Peace churches in Jawor and Swidnica

Tarnowskie Góry Historic Mine (World Heritage)

In the Upper Silesian mining region around Tarnowskie Gory, zinc and lead, and later also silver, have been mined since the 12th century. The system used to pump the water out of the mine is one of the technical masterpieces of the 19th century.

Tarnowskie Góry Historical Mine: Facts

Official title: Tarnowskie Góry lead-silver-zinc mine and its underground water management system
Cultural monument:
Continent: Europe
Country: Poland
Location: Tarnowskie Góry
Appointment: 2017

Wooden churches in the Carpathian Mountains (World Heritage)

From the 16th to the 19th century, a total of 16 wooden churches, the so-called Zerkwas, were built in the border area between Poland and the Ukraine. They were established by the fellowship of the Eastern Catholic and Orthodox Churches. The horizontal construction of the wooden elements of this cross-border World Heritage site is outstanding.

Wooden churches in the Carpathian Mountains: facts

Official title: Wooden churches in the Carpathian Mountains
Cultural monument: Transnational total of 16 wooden churches, the so-called Zerkwas, in southern Poland and western Ukraine from the 16th to 19th centuries; erected by communities of the Eastern Catholic and Greek Orthodox Churches in horizontal construction on the basis of a three-part floor plan with four- and eight-sided domes; Furnishings with wooden bell towers, icons, multi-colored decorations and adjoining cemeteries
Continent: Europe
Country: Poland, Ukraine
Location: eight places in southern Poland: Radruż, Chotyniec, Smolnik, Turzańsk, Powroźnik, Owczary, Kwiaton, Brunary; eight places in western Ukraine: Potylicz, Matkiv, Schowkwa, Drohobych, Rohatyn, Nyschnij Verbish, Yasinja, Ushok
Appointment: 2013
Meaning: exceptional evidence of a building tradition of the Orthodox clergy combined with local traditions; unique construction with a natural look

 

Wooden churches in the Carpathian Mountains (World Heritage)

From the 16th to the 19th century, a total of 16 wooden churches, the so-called Zerkwas, according to philosophynearby, were built in the border area between Poland and the Ukraine. They were established by the fellowship of the Eastern Catholic and Orthodox Churches. The horizontal construction of the wooden elements of this cross-border World Heritage site is outstanding.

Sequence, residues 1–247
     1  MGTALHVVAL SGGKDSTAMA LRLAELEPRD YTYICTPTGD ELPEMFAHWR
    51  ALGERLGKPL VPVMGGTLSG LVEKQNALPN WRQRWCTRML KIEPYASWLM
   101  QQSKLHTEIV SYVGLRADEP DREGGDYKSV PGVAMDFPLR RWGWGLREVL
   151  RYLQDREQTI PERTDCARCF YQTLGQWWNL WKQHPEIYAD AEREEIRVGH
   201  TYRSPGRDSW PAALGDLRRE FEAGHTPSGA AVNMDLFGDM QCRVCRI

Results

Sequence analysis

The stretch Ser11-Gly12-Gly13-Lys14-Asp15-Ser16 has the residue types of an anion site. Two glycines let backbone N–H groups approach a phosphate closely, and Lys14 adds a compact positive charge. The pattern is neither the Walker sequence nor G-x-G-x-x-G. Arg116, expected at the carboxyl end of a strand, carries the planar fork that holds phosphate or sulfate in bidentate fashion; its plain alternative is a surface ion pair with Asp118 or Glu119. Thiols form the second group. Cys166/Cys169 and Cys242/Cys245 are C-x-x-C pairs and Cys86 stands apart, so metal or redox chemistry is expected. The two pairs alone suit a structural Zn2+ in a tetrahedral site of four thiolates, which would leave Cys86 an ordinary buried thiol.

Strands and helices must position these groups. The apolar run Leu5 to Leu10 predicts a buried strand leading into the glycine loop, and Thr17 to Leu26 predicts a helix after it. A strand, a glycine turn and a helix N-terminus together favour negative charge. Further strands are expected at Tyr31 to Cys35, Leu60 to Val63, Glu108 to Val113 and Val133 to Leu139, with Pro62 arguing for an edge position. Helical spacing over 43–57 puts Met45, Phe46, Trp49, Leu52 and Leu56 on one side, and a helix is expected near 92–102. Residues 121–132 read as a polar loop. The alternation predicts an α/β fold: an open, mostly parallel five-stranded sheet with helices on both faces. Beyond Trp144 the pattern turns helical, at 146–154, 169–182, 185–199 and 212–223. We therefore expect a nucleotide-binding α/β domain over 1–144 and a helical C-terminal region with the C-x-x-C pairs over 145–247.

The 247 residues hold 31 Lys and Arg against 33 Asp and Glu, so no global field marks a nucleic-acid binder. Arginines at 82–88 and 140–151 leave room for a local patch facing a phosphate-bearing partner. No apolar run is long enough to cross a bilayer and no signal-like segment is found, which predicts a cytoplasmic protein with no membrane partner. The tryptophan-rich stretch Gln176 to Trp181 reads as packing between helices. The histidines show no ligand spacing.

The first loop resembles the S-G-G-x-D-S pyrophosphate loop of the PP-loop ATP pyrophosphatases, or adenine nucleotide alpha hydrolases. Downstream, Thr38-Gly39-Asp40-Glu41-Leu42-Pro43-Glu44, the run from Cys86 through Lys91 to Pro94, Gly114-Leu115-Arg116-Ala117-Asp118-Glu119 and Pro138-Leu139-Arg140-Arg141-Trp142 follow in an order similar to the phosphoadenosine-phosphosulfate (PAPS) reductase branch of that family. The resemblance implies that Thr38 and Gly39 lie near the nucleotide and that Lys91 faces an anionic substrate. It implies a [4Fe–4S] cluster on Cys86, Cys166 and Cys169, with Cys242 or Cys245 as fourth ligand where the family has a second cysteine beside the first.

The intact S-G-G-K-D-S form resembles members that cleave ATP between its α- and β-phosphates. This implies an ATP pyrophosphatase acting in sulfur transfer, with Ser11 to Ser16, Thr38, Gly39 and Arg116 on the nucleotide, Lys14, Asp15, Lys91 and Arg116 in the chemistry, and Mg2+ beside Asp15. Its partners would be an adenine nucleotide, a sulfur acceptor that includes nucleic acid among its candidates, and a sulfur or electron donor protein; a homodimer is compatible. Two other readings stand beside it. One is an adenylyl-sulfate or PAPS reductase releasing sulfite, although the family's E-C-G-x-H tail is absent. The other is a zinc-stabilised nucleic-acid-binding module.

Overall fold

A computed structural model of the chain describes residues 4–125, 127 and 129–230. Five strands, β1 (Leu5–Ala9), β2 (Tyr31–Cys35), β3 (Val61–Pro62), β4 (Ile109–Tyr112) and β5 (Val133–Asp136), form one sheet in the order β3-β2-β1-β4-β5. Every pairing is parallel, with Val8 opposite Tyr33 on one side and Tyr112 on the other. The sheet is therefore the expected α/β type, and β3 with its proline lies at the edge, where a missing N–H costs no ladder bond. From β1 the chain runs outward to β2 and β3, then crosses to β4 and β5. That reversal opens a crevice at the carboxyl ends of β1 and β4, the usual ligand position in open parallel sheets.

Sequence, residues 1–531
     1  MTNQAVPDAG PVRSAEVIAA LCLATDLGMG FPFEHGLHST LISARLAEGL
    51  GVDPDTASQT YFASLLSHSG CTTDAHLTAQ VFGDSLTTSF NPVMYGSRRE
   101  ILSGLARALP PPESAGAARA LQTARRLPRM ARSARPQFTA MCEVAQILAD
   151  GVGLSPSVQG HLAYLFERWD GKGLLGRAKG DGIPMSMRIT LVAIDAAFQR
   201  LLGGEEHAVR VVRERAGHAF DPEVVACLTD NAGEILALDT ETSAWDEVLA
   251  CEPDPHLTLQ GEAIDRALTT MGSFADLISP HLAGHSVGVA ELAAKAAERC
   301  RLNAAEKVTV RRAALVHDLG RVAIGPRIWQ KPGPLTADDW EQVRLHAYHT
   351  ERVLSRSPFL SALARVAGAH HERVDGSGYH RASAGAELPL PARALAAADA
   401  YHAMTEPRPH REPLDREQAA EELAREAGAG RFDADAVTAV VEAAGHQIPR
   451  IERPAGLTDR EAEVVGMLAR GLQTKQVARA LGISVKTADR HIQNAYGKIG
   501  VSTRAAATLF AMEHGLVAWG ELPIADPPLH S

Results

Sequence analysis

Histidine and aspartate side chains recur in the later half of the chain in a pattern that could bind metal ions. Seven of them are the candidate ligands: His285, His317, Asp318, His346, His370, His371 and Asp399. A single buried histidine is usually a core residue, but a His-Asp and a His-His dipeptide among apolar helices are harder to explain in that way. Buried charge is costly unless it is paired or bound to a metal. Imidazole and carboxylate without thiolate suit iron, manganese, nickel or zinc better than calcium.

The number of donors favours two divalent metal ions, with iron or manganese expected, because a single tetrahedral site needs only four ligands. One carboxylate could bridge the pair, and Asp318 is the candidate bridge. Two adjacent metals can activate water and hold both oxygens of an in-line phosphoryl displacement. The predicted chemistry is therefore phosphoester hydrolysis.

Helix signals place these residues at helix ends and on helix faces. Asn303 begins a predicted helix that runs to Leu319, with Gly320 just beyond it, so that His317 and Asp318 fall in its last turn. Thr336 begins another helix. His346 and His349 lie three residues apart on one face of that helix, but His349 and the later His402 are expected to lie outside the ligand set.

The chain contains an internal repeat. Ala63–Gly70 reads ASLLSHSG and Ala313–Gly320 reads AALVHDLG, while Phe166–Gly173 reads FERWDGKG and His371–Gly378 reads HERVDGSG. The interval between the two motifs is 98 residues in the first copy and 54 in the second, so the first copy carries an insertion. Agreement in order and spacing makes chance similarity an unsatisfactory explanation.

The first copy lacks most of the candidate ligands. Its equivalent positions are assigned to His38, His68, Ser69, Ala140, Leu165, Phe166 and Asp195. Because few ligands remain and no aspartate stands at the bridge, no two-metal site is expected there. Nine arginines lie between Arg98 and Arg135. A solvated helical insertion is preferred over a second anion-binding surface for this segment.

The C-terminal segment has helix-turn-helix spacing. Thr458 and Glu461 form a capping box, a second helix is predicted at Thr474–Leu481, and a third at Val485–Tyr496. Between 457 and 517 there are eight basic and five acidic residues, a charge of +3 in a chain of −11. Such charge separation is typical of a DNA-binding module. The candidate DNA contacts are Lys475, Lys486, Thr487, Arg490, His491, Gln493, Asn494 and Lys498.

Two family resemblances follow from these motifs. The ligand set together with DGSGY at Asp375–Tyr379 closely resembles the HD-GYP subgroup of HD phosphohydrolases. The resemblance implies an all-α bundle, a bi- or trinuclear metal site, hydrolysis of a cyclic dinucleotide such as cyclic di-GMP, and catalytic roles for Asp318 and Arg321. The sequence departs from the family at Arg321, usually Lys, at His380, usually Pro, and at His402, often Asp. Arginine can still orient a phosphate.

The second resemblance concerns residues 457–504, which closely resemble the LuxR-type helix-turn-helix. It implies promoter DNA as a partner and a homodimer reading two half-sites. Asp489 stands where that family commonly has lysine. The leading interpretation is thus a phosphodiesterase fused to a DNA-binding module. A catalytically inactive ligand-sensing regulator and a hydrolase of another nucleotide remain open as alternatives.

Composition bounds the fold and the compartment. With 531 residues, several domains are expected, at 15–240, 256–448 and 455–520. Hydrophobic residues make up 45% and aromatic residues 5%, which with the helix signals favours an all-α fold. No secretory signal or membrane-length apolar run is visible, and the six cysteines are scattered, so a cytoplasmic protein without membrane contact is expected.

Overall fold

Wooden churches in the Carpathian Mountains: facts

Official title: Wooden churches in the Carpathian Mountains
Cultural monument: Transnational total of 16 wooden churches, the so-called Zerkwas, in southern Poland and western Ukraine from the 16th to 19th centuries; erected by communities of the Eastern Catholic and Greek Orthodox Churches in horizontal construction on the basis of a three-part floor plan with four- and eight-sided domes; Furnishings with wooden bell towers, icons, multi-colored decorations and adjoining cemeteries
Continent: Europe
Country: Poland, Ukraine
Location: eight places in southern Poland: Radruż, Chotyniec, Smolnik, Turzańsk, Powroźnik, Owczary, Kwiaton, Brunary; eight places in western Ukraine: Potylicz, Matkiv, Schowkwa, Drohobych, Rohatyn, Nyschnij Verbish, Yasinja, Ushok
Appointment: 2013
Meaning: exceptional evidence of a building tradition of the Orthodox clergy combined with local traditions; unique construction with a natural look

Peace churches in Jawor and Swidnica (World Heritage)

The two baroque peace churches are considered to be the largest sacral half-timbered buildings in Europe. The Protestant church houses were built in the middle of the 17th century following the Peace of Westphalia. The Schweidnitz church can accommodate around 7500 people, the church in Jauer around 5500. Both have a rich interior with carvings and paintings.

Peace churches in Jawor and Swidnica: facts

Official title: Peace churches in Jawor (Jauer) and Swidnica (Schweidnitz)
Cultural monument: Peace churches based on plans by the Breslau fortress architect Albecht von Saebisch, built as a half-timbered building in the baroque style; Jawor (Jauer): built in 1654/55, three-aisled basilica, nave 44 m long, 24 m wide, 19 m high, 4 galleries on the north and south walls, decorated with numerous pictures and coats of arms of Silesian aristocrats, holds over 5,000 visitors, organ (1664); Swidnica / Schweidnitz: built in 1656/57, bell tower (1708), floor plan in the form of a Greek cross, two two-story galleries, interior with organ (1666), carved pulpit (1729) and high altar (1752), rich in epitaphs, guild coats of arms and pictures decorated, holds up to 7,500 believers; Third Peace Church in Glogau / Glogsw destroyed in the 18th century
Continent: Europe
Country: Poland
Location: Swidnica, Walbrzych Voivodeship; Jawor, Legnica Voivodeship
Appointment: 2001
Meaning: Masterpieces of baroque wooden architecture and also outstanding evidence of religious tolerance at the end of the Thirty Years’ War

Peace churches in Jawor and Swidnica: history

1241/42 Foundation of Jauer
1290 Schweidnitz capital of the principality of the same name
15./16. Century Economic heyday of the two cities
1526 Silesia goes to the Catholic Habsburgs
from approx. 1550 Lower Silesia becomes Protestant in the course of the Reformation movement
1555 Augsburg religious peace
1618-48 Thirty Years’ War
1629 Jauer and Schweidnitz are occupied by imperial troops
1648 Peace of Westphalia
1652 Approval for the construction of three Protestant churches in Glogau, Schweidnitz and Jauer by Emperor Ferdinand III., Granted subject to conditions (only outside the city wall, only made of wood and clay, church tower and bells initially prohibited, construction time within one year)

Peace churches in Jawor and Swidnica